Applause (moderate, in keeping with the conference tonality) and mumbling in the audience. Ulrich Weisser, a retired German vice admiral, leaned toward a neighbor and said, "That speech was from Venus," reworking the caricature of Robert Kagan's remark comparing American Martians with European Venusians.
Was Fischer prescribing a division of labor among the allies where the Americans went after the killers and the Europeans spread the peace and re-painted schoolrooms?
Former Senator William Cohen of Maine, a secretary of defense in the Clinton administration, formulated this thought more indirectly and elegantly by wondering, in a question asked of Fischer, how come Germany was not furnishing military assistance in Iraq if stabilization there was the obvious prerequisite to modernization, democracy and Mediterranean free trade zones. Another American asked rhetorically how the allies were to install dialogue and détente with a security threat that is clearly not open to them.
But the Germans were intent on appearing active and full of gabby initiative. While Rumsfeld stuck to saying that NATO showed "a good deal of life," promising that a Mediterranean dialogue would find a place high on the NATO summit meeting in Istanbul in June (and with a little more heat, remembering out loud that his audience in Munich last year included people from countries who said they did not care who won in Iraq), Defense Minister Peter Struck proposed that the Alliance commission a statement on its future at Istanbul.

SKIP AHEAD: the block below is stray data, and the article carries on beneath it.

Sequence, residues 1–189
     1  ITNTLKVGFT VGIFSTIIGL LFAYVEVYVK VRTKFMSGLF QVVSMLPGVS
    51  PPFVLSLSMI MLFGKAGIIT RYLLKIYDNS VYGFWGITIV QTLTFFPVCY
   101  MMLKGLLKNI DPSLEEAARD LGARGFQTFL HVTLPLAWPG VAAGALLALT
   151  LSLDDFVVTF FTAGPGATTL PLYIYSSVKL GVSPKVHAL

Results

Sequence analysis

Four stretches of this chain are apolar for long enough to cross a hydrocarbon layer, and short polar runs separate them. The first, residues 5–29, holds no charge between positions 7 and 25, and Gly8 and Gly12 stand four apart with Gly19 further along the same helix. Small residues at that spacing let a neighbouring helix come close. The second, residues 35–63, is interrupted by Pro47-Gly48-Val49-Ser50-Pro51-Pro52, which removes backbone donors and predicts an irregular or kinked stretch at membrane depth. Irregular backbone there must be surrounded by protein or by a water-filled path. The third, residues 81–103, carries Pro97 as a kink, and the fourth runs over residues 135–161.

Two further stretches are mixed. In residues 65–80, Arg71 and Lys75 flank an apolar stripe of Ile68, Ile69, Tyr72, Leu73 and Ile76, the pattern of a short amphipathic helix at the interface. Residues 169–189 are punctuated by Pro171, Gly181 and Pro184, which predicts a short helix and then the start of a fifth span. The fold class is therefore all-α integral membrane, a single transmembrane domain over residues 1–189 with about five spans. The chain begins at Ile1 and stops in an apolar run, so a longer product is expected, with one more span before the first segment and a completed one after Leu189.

He called it a "new Harmel report," a reference to a 1967 document that the then West Germany considered a legitimization of its policy of détente toward the Soviet Union. In a sense, Struck seemed to be interested in a reworked mission statement that would bring soft diplomacy an official and respectable place alongside search-and-destroy missions as NATO's zone of geographic preoccupation spread into the Middle East.
Without any elaboration, Struck also advocated "sensible complementarity" between NATO and the European Union's projected military units and coordination between the two concerning their "level of ambition."
What? For Brent Scowcroft, the former national security adviser to President George W. Bush, that seemed to sound like very willful ambiguity. He said that it was nice to talk about complementarity and Harmel reports, but that unless NATO was Europe's explicit court of first resort in a crisis, "we're on the road to destruction."